in tears, his father's and mother's
patriarchal dust he honored.
Alas! Upon life's furrows,
in a brief harvest, generations
by Providence's secret will
rise, ripen and must fall;
others come in their wake . . .
Thus our frivolous race
waxes, is in commotion, seethes,
and tombward crowds its ancestors.
Our time likewise will come, will come,
and one fine day our grandsons
out of the world will crowd us too.

I loved this! I mentioned how wonderful it was to a friend and h
It's perfect.
This is one of the finest books I've ever read! I have jokingly said, "I recommend this book to anyone who likes anything." While that's a bit of an exaggeration, this book really has it all:
The story manages to be both compelling and a parody at the same time. The main characters-Onegin, Lensky, Tatiana and Olga- are all believable and likeable, but that doesn't stop the narrator from poking fun at them occasionally. But Pushkin's parody is sympathetic; You laugh at the characters the way you l
Oct 12, 2007 Núria rated it 5 of 5 stars
Recommends it for: románticos, cínicos, idealistas, realistas, todo el mundo...
Supongo que, si os recomiendan así por las buenas una novela en verso de principios del siglo XIX y que encima es considerada como una de las obras fundacionales de la literatura rusa, saldréis por piernas. Pero no os dejéis dejar engañar, porque el 'Eugene Oneguin' es una obra tan moderna y actual que parece que fue escrita ayer. La historia no es mucha y se puede resumir en que Oneguin se va a vivir al campo y allí conoce la joven y melancólica Tatiana, y el joven e idealista poeta Lenski. Poc ...more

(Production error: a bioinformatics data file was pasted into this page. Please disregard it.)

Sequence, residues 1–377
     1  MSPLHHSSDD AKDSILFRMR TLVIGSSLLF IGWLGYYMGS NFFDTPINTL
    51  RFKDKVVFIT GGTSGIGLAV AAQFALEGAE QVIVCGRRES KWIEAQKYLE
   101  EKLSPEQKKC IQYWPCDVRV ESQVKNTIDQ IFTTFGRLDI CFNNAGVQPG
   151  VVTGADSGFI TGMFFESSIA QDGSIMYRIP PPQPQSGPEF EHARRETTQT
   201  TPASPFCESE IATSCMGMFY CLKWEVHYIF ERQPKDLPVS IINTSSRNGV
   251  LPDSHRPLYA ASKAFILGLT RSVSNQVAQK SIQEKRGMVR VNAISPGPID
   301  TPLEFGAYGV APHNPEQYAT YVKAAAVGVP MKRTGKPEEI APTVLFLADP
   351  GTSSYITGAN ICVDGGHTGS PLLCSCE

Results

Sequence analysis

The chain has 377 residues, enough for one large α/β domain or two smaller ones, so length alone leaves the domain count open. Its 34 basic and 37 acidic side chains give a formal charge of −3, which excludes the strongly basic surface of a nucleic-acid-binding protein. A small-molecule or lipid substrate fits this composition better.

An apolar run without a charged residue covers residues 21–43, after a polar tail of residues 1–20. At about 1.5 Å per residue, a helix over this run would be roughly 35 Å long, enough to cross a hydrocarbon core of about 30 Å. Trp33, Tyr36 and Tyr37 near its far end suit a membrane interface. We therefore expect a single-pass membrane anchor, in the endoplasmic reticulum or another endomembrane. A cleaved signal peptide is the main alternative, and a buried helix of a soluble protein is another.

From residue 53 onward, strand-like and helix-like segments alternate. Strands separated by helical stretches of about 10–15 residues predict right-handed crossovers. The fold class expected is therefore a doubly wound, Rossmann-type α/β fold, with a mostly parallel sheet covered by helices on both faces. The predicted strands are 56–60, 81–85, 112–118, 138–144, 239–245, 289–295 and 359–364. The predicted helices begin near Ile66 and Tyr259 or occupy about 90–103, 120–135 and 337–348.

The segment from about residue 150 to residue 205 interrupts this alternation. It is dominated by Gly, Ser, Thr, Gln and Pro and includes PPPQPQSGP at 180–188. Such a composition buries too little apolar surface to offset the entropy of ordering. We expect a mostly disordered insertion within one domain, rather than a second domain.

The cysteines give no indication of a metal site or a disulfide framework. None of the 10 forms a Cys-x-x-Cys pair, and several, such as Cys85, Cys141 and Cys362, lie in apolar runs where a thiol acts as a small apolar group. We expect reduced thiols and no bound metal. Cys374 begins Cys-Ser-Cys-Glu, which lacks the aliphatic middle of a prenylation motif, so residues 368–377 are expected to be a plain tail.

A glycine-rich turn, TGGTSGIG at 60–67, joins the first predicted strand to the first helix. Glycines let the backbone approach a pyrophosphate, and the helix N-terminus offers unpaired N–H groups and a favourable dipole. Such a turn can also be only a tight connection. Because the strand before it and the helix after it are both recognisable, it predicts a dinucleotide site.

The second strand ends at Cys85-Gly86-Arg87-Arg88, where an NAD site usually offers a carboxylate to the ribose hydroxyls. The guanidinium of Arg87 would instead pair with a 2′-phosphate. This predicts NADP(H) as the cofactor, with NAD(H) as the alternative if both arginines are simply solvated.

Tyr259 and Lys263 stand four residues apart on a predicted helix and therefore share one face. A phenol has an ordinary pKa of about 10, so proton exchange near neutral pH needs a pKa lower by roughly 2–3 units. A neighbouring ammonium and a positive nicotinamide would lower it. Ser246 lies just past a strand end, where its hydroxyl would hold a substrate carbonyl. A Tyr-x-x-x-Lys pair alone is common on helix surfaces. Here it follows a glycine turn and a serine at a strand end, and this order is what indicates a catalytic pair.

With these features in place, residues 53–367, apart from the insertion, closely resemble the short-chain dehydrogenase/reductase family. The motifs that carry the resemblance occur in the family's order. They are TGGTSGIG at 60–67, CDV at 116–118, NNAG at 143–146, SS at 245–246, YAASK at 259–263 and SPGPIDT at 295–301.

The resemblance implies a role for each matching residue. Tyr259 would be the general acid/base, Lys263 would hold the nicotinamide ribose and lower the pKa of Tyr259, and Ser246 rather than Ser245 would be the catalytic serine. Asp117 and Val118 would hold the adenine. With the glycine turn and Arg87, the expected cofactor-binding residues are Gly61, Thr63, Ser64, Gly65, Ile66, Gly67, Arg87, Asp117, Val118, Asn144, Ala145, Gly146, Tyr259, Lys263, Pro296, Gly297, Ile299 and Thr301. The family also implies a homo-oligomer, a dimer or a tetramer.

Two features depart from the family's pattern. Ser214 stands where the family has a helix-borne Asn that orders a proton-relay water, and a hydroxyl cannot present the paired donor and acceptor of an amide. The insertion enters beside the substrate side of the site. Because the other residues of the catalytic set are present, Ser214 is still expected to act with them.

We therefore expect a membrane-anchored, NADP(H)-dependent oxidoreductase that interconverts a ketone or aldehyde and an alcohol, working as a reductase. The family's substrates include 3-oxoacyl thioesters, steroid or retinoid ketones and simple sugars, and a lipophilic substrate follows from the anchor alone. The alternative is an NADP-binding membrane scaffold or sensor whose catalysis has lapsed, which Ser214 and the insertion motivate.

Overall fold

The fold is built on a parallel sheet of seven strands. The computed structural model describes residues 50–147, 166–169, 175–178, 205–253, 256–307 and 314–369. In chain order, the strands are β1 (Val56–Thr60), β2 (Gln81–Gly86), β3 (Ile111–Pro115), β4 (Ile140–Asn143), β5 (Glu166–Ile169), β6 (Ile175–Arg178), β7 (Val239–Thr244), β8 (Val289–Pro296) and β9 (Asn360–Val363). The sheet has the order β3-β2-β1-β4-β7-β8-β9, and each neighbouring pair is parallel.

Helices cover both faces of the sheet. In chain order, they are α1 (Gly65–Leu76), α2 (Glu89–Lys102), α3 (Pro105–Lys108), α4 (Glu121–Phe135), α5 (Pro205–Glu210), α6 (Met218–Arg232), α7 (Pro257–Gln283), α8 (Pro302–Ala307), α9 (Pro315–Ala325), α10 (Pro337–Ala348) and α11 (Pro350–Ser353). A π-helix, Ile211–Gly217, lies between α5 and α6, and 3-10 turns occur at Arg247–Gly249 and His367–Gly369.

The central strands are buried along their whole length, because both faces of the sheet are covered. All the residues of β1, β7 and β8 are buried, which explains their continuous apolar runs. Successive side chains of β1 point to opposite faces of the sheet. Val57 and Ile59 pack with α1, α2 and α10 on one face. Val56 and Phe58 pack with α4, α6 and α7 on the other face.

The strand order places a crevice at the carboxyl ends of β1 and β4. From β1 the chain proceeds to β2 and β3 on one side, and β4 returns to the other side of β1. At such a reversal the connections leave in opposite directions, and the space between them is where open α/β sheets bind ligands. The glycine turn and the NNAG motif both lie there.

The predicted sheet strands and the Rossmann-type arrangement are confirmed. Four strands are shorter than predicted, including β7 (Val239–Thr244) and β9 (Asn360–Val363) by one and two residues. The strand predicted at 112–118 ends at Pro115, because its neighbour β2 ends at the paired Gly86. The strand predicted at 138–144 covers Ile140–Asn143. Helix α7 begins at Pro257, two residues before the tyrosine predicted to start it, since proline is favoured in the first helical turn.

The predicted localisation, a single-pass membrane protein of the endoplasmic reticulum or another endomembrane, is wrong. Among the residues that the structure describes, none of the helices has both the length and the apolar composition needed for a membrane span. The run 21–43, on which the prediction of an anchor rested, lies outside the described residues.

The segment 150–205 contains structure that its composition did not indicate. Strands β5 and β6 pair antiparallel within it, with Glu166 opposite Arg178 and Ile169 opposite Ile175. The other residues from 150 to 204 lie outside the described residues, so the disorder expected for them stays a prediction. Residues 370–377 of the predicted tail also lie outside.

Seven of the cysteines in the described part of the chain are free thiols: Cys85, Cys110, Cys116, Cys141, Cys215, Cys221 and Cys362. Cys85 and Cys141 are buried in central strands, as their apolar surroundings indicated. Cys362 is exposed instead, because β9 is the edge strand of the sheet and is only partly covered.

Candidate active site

Jan 13, 2012 Geoff marked it as to-read  ·  review of another edition
Shelves: volodya
My amazing girlfriend gave me both volumes of Nabokov's translation of Onegin for xmas. She's a keeper.
David Lentz
I adore Pushkin's poetry and have admired it since my college days long ago. He has a tenderness, elegance of metaphor, eye for beauty and connection to the Russian landscape, which truly set him apart. I consider him the Wordsworth of Russia, although Pushkin admired Byron, whom he quotes in Chapter 8. Eugene Onegin had much in common with Childe Harold. That is, Onegin is a man who is overwhelmed by the simple beauty of the Russian countryside in which Pushkin loved to dwell. Yet somehow he is ...more
’n Klassieker: 't deed weer eens deugd
'n roman in verzen nog wel
Reminiscenties aan mijn jeugd!
Ik ben akkoord: Poesjkins taalspel
is bijwijlen wat verheven
toch betreft het ook ons leven
enerzijds: de rush van 't genie
anderzijds: ’n pull van conventie
Onegin, Mann ohne Eigenschaften,
kan niet kiezen. Of kiest te laat.
Tragisch. Ennui verhult het kwaad.
Alsof de goden hem straften.
Ik heb er erg van genoten.
Deze bard behoort tot de groten.

Laurel Hicks